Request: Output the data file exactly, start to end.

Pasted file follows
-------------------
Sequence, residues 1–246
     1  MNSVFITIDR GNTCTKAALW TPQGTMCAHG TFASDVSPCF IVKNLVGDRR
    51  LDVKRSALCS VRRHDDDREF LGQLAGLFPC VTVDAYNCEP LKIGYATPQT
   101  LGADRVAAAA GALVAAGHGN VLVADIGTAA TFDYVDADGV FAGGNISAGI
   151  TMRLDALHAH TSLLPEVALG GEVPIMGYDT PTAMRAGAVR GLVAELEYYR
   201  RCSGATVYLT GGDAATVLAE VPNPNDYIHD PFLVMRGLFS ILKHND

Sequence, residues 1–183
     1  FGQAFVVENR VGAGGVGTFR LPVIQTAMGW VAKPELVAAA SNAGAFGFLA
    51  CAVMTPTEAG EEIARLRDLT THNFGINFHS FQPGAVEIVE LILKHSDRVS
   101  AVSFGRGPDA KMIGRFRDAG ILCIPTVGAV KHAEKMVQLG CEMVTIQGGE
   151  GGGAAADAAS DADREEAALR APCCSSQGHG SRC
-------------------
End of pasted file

Sequence, residues 1–246
     1  MNSVFITIDR GNTCTKAALW TPQGTMCAHG TFASDVSPCF IVKNLVGDRR
    51  LDVKRSALCS VRRHDDDREF LGQLAGLFPC VTVDAYNCEP LKIGYATPQT
   101  LGADRVAAAA GALVAAGHGN VLVADIGTAA TFDYVDADGV FAGGNISAGI
   151  TMRLDALHAH TSLLPEVALG GEVPIMGYDT PTAMRAGAVR GLVAELEYYR
   201  RCSGATVYLT GGDAATVLAE VPNPNDYIHD PFLVMRGLFS ILKHND

Sequence, residues 1–183
     1  FGQAFVVENR VGAGGVGTFR LPVIQTAMGW VAKPELVAAA SNAGAFGFLA
    51  CAVMTPTEAG EEIARLRDLT THNFGINFHS FQPGAVEIVE LILKHSDRVS
   101  AVSFGRGPDA KMIGRFRDAG ILCIPTVGAV KHAEKMVQLG CEMVTIQGGE
   151  GGGAAADAAS DADREEAALR APCCSSQGHG SRC